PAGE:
SEOUL, Nov. 25 (Yonhap) — The nationwide strike by truck drivers has affected logistics of the cement and steel industries, the industry ministry said Friday, a move that could further disrupt operations of broader industry sectors.
On Thursday, truck drivers went on a strike, demanding that the government extend temporary rules guaranteeing minimum freight rates, citing high fuel prices. The rules are set to expire at the end of this year.
In response, the ministry set up an emergency task force and held a first meeting on Thursday to assess the impacts on major industry sectors, including steel, auto, petrochemical and energy fields, and devise responses to minimize damage.
According to their assessment, the steel and cement industries have experienced delays in cargo shipments, though other sectors have not yet seen major disruptions by the collective action.
The cement industry is feared to suffer greater damage soon, as cement firms, in general, have storage space for about two days worth of inventory, which would further affect construction sites and other fields, according to the ministry.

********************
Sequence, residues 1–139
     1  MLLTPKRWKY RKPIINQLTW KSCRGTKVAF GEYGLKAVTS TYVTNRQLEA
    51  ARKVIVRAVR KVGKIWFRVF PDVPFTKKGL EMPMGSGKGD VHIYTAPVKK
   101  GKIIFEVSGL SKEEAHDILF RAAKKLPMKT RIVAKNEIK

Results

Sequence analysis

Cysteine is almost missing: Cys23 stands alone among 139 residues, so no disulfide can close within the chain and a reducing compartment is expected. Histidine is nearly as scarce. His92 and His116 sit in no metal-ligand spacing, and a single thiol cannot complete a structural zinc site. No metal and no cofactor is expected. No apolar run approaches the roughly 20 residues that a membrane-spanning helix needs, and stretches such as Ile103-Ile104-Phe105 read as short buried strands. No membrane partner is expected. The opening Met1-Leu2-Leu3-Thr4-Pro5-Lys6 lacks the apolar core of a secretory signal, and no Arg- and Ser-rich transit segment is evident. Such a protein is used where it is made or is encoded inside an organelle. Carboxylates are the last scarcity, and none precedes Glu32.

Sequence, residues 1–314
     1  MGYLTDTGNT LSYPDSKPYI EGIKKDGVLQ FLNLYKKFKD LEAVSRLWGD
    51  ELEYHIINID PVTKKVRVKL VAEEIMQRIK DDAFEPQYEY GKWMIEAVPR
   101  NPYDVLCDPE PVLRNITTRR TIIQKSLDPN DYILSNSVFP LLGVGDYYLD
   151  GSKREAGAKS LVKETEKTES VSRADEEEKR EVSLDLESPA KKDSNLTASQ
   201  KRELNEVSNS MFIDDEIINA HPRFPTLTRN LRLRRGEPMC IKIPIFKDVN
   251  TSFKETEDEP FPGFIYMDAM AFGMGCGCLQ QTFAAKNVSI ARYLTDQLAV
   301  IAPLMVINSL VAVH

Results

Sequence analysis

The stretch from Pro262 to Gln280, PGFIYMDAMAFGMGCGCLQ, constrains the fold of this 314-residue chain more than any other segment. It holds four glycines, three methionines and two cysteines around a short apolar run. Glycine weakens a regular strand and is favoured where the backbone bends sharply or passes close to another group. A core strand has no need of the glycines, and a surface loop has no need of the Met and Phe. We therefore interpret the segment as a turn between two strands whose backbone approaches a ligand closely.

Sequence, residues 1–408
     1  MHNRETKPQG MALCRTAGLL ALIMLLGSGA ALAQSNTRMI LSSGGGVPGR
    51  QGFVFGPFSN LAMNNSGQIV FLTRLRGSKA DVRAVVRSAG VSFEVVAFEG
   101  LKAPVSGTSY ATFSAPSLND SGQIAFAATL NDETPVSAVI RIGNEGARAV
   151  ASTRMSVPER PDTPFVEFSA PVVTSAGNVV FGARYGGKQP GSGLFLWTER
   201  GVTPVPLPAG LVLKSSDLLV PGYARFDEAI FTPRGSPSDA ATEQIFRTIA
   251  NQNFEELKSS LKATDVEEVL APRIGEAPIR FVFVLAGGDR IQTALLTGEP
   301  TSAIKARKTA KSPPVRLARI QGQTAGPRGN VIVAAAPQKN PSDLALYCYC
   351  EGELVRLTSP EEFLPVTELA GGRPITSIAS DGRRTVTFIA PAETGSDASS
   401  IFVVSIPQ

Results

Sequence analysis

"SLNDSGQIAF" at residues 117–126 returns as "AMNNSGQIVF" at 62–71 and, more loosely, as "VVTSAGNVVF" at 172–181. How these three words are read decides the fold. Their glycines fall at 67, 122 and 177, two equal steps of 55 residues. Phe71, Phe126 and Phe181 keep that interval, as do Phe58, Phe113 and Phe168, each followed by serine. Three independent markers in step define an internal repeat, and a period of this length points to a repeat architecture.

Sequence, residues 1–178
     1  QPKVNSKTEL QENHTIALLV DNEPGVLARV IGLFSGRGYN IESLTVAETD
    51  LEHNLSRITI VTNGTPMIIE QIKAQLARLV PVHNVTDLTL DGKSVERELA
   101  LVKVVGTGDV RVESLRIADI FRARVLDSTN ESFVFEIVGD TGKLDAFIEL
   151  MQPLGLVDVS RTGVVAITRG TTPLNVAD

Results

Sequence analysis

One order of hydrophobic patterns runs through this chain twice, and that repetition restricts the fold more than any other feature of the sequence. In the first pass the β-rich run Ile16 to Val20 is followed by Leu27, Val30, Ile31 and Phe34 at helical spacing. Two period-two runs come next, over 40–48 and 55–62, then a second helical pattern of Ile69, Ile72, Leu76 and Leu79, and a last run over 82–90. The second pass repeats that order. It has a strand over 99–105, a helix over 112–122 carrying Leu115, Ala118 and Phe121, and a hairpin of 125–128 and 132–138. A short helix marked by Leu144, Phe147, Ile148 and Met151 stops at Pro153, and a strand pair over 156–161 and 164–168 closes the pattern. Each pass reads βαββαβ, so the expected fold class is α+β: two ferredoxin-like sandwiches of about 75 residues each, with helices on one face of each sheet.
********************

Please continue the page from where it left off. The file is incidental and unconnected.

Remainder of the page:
The government vowed to push for measures to secure alternative means of transportation and help expand storage spaces at factories while enhancing the monitoring of impacts and seeking compensation measures.
It is the second strike by truck drivers this year as truckers staged an eight-day walkout in June, which resulted in massive delays in cargo shipments and production disruptions worth around 1.6 trillion won (US$1.21 billion).
In June, the government agreed to work on the extension of the minimum wage system, while the union called for making the system permanent.
South Korea’s trade association said it has received 32 complaints from 19 shippers since the strike began. Penalties from shipment delays and loss of foreign clients accounted for the most, followed by increased shipment costs, among others, according to the Korea International Trade Association.